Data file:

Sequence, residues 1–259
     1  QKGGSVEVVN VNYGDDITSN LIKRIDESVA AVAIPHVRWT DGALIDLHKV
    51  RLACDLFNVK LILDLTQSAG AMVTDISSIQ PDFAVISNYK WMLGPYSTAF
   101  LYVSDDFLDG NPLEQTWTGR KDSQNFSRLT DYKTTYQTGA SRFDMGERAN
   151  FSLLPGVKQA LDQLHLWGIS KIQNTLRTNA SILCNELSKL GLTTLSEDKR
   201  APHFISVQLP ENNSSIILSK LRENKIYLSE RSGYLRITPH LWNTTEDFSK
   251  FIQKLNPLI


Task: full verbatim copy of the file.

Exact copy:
Sequence, residues 1–259
     1  QKGGSVEVVN VNYGDDITSN LIKRIDESVA AVAIPHVRWT DGALIDLHKV
    51  RLACDLFNVK LILDLTQSAG AMVTDISSIQ PDFAVISNYK WMLGPYSTAF
   101  LYVSDDFLDG NPLEQTWTGR KDSQNFSRLT DYKTTYQTGA SRFDMGERAN
   151  FSLLPGVKQA LDQLHLWGIS KIQNTLRTNA SILCNELSKL GLTTLSEDKR
   201  APHFISVQLP ENNSSIILSK LRENKIYLSE RSGYLRITPH LWNTTEDFSK
   251  FIQKLNPLI